Lanxess Formalin Facility, Krefeld-Uerdingen, Germany


Formalin is used as a feedstock

In February 2010, speciality chemicals group Lanxess announced plans to establish a formalin plant at its Krefeld-Uerdingen site in Germany. Construction of the plant commenced in January 2011. The plant was officially opened on 24 April 2012.

"The plant is also used in the production of industrial chemicals. It will reduce Lanxess's dependence on external suppliers."

The facility has an annual production capacity of 150,000mt of formaldehyde with 32% concentration. Total investment in the plant was $23.19m (€18m).

Formalin is used as a feedstock for the production of trimethylolpropane (TMP), which is used for various product applications in the construction, furniture and automotive industries.

Formaldehyde is a simple aldehyde and a precursor of polymers. The aqueous solution of formaldehyde is formalin. The thermosetting derivatives of formalin have a strong market position, including phenol-formaldehyde and urea-formaldehyde resins, alkyd resins, acetaldehyde, pentaerythritol, bakelites, hexamine, polyester, novolacs, urea formaldehyde concentrate and melamine-urea-formaldehyde resins.

The plant is also used in the production of industrial chemicals. It will reduce Lanxess's dependence on external suppliers for formalin.

Background to Lanxess's formalin facility

The project was part of a major investment plan in the company's basic chemicals (BAC) business unit.

"The facility has an annual production capacity of 150,000mt of formaldehyde with 32% concentration."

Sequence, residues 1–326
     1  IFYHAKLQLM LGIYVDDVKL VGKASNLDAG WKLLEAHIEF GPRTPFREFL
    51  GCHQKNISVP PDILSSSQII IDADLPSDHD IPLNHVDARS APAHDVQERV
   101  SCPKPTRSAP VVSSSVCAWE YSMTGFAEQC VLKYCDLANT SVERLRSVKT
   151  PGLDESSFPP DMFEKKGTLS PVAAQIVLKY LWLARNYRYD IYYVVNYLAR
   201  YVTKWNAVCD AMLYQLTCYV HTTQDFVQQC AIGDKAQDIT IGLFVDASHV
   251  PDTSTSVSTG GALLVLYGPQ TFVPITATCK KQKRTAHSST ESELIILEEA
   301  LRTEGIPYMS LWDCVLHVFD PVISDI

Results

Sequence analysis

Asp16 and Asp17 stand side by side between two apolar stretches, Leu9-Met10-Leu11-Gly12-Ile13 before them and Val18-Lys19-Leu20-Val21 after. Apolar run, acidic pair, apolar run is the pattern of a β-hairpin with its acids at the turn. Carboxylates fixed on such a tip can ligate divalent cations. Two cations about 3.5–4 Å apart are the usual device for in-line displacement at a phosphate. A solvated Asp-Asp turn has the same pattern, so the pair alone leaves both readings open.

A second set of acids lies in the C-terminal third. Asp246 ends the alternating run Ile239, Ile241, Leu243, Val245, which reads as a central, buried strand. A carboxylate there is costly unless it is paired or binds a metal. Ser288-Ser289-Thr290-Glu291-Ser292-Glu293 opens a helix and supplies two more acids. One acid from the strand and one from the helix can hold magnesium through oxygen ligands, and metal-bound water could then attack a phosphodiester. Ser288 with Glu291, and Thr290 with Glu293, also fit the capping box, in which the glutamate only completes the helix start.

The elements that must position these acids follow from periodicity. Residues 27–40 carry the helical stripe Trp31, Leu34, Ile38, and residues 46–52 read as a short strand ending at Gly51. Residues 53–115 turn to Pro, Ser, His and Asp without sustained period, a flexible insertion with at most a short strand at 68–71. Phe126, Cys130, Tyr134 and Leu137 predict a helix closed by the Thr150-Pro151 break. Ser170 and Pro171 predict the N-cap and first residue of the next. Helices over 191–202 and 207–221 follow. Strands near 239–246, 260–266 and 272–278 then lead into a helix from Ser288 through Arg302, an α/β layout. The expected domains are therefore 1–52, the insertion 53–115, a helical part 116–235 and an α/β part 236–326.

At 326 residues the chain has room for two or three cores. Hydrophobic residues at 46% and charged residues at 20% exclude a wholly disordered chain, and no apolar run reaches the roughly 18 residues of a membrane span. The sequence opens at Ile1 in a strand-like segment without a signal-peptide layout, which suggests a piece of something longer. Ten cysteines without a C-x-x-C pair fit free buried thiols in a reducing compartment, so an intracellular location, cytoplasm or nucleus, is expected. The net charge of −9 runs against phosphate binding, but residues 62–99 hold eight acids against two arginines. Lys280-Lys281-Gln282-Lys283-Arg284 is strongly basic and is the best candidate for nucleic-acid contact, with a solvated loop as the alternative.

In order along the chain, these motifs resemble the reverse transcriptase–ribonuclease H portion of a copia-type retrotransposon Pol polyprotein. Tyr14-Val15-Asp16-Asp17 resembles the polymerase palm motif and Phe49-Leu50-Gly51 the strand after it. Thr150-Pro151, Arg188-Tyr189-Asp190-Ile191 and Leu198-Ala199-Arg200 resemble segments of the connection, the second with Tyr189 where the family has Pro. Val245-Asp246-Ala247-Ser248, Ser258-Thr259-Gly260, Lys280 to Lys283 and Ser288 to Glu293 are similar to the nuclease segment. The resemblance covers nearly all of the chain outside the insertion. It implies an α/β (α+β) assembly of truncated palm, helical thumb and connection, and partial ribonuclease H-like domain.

The unit is a part of the Advanced Intermediates segment, which has four production sites in Germany - Leverkusen, Krefeld-Uerdingen, Brunsbüttel and Dormagen - along with operations in the US, China and India. Germany accounts for 1,500 of the company's 16,500-strong global workforce.

Lanxess is investing $51.5m (€40m) in total at the site. The remaining investment is for upgrading the menthol production plants at Krefeld-Uerdingen. Synthetic methanol produced at the site will be used to manufacture various pharmaceuticals and aromas.

The company had invested about $193.29m (€150m) in Germany in 2010 for the expansion of the production sites. The company also intends to promote Uerdingen in Germany as a major site for industrial production. The plans include infrastructure, trained personnel and access to scientific and technical innovation.

Design and construction of the German plant

The formalin facility is situated across 1,000 square metres. The project also involves the construction of methanol and formalin tanks. The formalin process facility has downstream thermal off-gas treatment and heat recovery systems.

Other works include extensive piping, for the connection of the plant with existing infrastructure, and a methanol unloading facility.

Contractors involved with the Krefeld-Uerdingen facility

Pörner Ingenieurgesellschaft Grimma, a subsidiary of Pörner Group, was awarded a turnkey contract for the construction of the formalin facility in March 2010. Pörner Grimma planned and built the plant. Process technology was provided by Dynea.

Type of technology used at Lanxess's plant

The plant uses Dynea Silver technology. Pörner Grimma, in cooperation with Dynea, has built 11 plants which incorporate the technology.

The formaldehyde has a clean and safe production process and does not involve oxygen or hot oils for cooling, which improves safety. The cleaning process involves a self-maintenance vaporiser and re-catalysation can be done within 24 hours by the removal of used catalyst. The fast-cooling heat boiler reduces the decomposition of waste.

The process does not require distillation because it has selective absorption of formaldehyde and water and methanol recycling, which improves yield and quality.

The concentration of the formaldehyde product is high (57% by weight) and has low methanol and formic acid concentrations. The Dynea Silver process requires less electricity, cooling and economical catalysts when compared to metal oxide technology.


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